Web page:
M. Dion may still look inept at best to most of us. But Hassan Arif in the Telegraph-Journal in New Brunswick, e.g., actually thinks he could do better than most of us think in the next election. Or at least he could have, maybe if, etc: “Stphane Dion could potentially be a great Prime Minister. He and his party just have to take the initiative and bring the government down … Unfortunately, the Liberals have not seized on these initiatives, and have opened the door for the NDP to be the effective’ opposition … The war in Afghanistan is increasingly unpopular among the Canadian public … On poverty, the Liberals have an ambitious and commendable plan to reduce poverty by 30 per cent and child poverty by 50 per cent within a period of five years … The Liberals have also maintained their pledge to promote a nationwide daycare plan …”

At the other end of the country, on Canada’s Pacific coast, Joseph Roberts at Common Ground (“Western Canada’s biggest and best-loved monthly magazine dedicated to health, wellness, ecology and personal growth”) has just published an extended interview with M. Dion on its website. M. Dion says in conclusion: “I will provide sincerity … openness and respect. I think we Liberals have identified the challenges of this century that need to be seen as opportunities on the environment, social justice, economic competitiveness, the consequences of an aging population and how to be a good citizen of the world. We’ll campaign on that and I’m confident that Canadian views about what to do with this country will be close to what we propose rather than to the very right wing approach of Mr. Harper.”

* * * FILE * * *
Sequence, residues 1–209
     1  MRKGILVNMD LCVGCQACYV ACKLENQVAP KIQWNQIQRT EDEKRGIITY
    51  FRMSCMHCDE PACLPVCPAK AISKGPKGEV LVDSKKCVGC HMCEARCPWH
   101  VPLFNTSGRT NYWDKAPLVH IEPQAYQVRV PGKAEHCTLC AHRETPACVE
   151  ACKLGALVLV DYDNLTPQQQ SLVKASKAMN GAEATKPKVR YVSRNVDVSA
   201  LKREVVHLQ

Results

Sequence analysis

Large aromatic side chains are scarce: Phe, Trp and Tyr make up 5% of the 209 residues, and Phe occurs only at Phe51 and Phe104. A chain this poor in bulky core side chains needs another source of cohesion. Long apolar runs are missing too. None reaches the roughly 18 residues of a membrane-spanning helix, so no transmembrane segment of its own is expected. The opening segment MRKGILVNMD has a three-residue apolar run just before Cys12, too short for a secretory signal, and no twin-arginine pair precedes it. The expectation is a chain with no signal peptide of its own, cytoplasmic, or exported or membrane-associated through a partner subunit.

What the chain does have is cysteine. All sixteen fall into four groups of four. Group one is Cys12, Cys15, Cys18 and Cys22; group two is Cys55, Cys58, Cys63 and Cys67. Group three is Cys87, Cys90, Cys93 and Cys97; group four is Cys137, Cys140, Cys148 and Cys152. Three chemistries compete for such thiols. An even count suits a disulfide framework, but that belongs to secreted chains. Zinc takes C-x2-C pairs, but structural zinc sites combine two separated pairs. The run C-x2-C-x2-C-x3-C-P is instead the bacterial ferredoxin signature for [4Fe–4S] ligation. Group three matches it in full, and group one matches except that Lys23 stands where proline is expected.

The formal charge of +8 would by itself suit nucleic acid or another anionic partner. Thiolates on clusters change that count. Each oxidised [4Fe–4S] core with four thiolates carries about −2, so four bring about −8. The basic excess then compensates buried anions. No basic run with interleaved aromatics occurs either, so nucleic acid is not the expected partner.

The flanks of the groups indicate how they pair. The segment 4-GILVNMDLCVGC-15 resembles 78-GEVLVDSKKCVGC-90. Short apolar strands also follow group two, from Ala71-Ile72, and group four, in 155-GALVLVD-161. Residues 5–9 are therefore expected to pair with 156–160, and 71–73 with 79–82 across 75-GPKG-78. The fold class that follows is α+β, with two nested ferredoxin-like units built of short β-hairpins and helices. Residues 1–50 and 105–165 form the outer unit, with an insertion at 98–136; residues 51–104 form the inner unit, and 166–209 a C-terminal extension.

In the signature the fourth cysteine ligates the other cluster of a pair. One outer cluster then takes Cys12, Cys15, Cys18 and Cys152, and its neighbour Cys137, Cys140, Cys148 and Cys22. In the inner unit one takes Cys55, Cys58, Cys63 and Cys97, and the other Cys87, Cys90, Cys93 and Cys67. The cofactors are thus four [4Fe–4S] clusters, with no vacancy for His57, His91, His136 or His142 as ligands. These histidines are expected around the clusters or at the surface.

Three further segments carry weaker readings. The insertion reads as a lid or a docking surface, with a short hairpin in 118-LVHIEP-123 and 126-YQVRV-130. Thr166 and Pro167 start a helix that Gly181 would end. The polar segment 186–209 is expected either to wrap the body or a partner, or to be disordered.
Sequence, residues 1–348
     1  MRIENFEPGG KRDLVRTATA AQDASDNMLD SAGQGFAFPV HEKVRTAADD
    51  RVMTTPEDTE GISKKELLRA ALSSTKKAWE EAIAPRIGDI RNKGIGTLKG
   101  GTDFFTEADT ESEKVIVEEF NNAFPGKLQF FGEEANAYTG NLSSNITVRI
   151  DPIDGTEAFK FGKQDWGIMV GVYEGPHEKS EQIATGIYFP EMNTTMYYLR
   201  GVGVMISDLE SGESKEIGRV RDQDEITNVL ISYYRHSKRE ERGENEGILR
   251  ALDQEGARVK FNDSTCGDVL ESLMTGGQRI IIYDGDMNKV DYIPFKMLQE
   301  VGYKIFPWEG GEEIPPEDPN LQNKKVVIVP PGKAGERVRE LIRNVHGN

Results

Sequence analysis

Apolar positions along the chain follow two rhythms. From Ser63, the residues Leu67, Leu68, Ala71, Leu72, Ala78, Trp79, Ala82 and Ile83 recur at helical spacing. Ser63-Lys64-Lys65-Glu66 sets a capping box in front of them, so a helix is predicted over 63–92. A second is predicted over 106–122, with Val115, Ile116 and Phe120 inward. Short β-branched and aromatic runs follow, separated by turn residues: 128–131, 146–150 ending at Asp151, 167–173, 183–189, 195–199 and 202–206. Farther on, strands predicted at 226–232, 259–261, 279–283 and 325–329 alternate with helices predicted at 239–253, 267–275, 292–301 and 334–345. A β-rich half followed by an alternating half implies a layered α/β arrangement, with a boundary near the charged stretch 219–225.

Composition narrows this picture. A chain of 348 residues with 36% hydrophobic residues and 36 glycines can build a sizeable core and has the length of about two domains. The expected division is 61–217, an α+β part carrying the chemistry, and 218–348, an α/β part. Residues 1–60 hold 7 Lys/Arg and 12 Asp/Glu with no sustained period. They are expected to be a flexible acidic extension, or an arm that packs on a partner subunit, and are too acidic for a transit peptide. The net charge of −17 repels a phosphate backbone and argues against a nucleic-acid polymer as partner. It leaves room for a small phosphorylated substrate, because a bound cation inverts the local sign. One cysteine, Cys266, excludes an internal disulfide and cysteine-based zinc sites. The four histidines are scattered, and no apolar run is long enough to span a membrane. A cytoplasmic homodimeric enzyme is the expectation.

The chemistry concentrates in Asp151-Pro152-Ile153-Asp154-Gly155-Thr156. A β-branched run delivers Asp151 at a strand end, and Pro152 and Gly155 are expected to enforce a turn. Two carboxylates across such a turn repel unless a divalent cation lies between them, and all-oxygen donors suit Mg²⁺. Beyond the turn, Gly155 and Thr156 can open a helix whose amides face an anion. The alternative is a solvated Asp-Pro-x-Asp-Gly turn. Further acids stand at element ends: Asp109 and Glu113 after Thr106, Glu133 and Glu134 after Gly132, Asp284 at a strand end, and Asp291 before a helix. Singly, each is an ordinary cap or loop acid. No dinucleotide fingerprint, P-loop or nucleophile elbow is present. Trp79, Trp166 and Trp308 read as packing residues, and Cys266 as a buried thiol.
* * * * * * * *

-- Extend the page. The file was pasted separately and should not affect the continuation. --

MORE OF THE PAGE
If the insiders are to be believed, it does seem that Stephane Dion “appears resolved to wait at least until the fall” before he finally acts to bring Stephen Harper’s minority government down, and precipitate a fresh election. And the logic here may have been best captured by Michael Den Tandt, “editor of the Owen Sound Sun Times [in so-called rural Ontario] and a national affairs columnist for Sun Media/ Osprey Media.” (Perhaps Mr. Harper’s Conservatives were right when they urged a while back now that the most important journalists nowadays are the fresh regional voices in smaller places, and not the old established big names in big cities, etc. But in some cases at least this finally does not seem to have done them a lot of good.)